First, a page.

Movie Review By Heather Clisby
Directed by Mike Newell, "Pushing Tin" is supposed to be about the intense rivalry of two air traffic controllers. How this is supposed to be interesting to the rest of us, I'm not sure.
John Cusack, a favorite of mine, is usually some form of cowboy - usually a cute, tall one with biting wit and loner tendencies. This time, he's just Nick Falzone, a macho, insecure twit with a God complex that cheats on his wife. Nick is threatened by the new gunslinger-er, I mean, air traffic controller whose legendary reputation precedes him, particularly his fondness for hanging out below descending 747s.
The new man in black is Russell Bell, the quiet, sexy, dangerous type that women adore and men regard. Billy Bob Thorton plays this part with almost no effort at all. He feels like a man who has made so many mistakes in his life that he rarely speaks but when he does, it's usually cryptic and profound. This, naturally, drives Nick crazy.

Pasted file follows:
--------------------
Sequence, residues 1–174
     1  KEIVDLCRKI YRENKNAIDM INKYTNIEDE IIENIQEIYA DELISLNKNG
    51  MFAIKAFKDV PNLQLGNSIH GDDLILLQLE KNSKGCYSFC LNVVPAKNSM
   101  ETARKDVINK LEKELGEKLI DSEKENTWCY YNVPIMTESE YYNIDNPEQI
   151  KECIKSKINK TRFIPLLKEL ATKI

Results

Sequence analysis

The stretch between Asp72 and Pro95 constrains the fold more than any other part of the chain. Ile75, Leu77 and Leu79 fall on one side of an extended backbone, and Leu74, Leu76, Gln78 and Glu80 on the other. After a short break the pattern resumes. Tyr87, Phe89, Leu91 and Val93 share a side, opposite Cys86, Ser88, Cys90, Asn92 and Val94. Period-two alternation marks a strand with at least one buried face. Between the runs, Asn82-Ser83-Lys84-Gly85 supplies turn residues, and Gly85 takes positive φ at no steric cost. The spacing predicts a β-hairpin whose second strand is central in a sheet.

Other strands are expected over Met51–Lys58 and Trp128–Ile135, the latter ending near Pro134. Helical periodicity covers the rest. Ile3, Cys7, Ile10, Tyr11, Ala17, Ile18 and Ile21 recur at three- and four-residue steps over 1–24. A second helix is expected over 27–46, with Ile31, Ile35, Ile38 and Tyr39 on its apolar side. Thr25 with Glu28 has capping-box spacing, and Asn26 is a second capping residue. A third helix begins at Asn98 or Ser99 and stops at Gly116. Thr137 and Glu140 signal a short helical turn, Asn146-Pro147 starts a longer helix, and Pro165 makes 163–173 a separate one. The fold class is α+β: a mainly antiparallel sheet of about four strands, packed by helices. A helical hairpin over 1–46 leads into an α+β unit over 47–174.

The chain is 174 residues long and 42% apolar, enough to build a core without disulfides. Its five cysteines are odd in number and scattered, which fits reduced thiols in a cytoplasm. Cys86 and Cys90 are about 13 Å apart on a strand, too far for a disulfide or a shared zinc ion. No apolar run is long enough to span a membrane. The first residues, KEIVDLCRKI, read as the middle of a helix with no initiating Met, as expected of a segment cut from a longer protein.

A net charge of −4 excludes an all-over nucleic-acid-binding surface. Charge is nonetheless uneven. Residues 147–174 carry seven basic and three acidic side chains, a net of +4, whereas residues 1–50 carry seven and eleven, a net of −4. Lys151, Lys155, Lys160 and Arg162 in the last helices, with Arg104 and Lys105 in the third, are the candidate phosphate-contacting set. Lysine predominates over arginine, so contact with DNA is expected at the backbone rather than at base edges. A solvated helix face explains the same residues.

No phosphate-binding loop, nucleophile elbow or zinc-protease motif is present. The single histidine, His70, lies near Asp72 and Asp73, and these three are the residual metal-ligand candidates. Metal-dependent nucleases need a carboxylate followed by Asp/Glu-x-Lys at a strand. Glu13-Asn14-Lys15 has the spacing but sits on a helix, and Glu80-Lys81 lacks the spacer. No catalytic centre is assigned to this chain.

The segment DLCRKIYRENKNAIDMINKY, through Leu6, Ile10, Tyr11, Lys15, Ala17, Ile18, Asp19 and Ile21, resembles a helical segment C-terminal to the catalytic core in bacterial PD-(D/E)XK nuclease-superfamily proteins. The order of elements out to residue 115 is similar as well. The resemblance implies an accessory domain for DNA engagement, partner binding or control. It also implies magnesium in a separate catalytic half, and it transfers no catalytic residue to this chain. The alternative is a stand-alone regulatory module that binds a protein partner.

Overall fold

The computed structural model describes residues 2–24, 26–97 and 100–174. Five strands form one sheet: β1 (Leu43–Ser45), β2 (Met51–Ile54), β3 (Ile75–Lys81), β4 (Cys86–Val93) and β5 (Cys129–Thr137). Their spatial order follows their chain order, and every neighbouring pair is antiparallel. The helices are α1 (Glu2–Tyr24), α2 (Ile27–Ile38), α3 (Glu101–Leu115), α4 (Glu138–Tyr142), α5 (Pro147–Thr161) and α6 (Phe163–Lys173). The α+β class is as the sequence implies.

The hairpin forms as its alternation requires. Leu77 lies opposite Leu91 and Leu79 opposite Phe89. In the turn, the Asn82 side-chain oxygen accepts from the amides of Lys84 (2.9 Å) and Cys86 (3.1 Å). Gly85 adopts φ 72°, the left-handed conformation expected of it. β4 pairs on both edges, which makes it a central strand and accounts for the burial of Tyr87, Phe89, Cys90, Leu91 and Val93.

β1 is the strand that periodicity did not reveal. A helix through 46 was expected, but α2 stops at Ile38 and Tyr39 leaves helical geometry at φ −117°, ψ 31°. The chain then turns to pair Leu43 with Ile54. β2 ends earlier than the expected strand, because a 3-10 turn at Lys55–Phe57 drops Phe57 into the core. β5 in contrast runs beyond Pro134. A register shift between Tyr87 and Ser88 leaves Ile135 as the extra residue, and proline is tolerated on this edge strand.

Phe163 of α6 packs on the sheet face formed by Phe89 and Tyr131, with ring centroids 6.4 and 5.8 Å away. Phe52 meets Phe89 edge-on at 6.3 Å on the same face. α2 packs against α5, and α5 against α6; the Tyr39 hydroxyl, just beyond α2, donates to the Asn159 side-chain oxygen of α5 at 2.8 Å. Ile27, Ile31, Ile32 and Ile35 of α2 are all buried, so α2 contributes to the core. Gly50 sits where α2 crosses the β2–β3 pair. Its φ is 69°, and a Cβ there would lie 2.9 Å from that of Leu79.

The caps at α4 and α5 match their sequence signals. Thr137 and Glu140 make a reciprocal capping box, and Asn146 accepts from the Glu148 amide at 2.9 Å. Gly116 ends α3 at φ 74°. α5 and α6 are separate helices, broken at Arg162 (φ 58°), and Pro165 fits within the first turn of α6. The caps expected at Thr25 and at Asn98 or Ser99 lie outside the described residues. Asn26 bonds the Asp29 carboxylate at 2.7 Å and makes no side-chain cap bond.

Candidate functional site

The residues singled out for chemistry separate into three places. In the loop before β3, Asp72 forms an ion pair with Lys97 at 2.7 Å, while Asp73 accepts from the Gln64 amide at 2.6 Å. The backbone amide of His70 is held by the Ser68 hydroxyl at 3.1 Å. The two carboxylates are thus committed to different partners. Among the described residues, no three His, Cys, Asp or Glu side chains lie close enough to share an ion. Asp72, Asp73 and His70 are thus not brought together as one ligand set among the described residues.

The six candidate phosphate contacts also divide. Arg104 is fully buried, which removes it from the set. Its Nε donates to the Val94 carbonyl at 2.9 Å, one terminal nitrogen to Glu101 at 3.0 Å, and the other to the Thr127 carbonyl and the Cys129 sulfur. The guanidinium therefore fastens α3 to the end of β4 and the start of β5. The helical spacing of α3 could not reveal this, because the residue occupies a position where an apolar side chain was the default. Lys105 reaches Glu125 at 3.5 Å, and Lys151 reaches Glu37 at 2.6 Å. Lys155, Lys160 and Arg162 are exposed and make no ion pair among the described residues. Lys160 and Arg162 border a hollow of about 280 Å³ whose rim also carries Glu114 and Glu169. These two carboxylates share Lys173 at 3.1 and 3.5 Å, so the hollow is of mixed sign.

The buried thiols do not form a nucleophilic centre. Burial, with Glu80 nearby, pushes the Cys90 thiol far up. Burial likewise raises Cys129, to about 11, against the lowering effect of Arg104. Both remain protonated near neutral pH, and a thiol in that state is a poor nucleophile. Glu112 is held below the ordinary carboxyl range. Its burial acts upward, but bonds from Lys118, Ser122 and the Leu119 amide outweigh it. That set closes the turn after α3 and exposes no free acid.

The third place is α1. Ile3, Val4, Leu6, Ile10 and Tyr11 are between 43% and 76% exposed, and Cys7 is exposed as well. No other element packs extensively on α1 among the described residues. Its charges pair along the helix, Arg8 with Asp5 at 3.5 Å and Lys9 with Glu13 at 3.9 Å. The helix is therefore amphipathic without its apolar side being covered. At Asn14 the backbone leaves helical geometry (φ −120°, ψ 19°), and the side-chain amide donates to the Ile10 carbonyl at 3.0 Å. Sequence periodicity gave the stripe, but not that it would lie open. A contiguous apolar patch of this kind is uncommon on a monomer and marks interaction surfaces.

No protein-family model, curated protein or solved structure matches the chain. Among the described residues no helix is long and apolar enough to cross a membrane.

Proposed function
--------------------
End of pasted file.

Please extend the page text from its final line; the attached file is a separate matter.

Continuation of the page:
The wives, however, are far more interesting. The incredible Cate Blanchett is Nick's wife, Connie, and knowing that she's just come from playing the title role in "Elizabeth", it makes her complete transformation into a New Jersey housewife just that much more astonishing. Obviously, she took both roles equally seriously; Connie is fully inhabited right down to her nail salon French tips. Blanchett is the anchor of a film that's supposed to be about men. Bo-ring.
Rounding out the lust quad is Russell's wife, Mary Bell, played by my favorite sexpot-with-a-brain, Angelina Jolie. She's dark and tortured like her mysterious husband but she's about 20 years younger and tempting as hell. She looks like an upgrade of Elvira, drinks like a fish and weeps over dead plants. Man & wife wear a lot of turquoise jewelry and it looks mighty nice.
There is the usual Hollywood build-up of playful tension that leads to camaraderie and enlightenment but there is a lot of empty searching in between. Oh yes, and a bomb threat - gotta have that tense countdown scene!
The only real tragedy here is that the pressure of being an air traffic controller is just a vague backdrop to a flimsy story; it could just as well be about baseball players or taxi drivers. The script applies some gallows humor but otherwise, only plays feetsies with the concept of being responsible for the lives of hundreds of people every single day, even if they are just blips on the screen. This was a great opportunity wasted, especially in an age where video games are being examined and their effects on reality debated. Shame, shame, shame.
© 1999 - Heather Clisby - Air Date: 4/28/99
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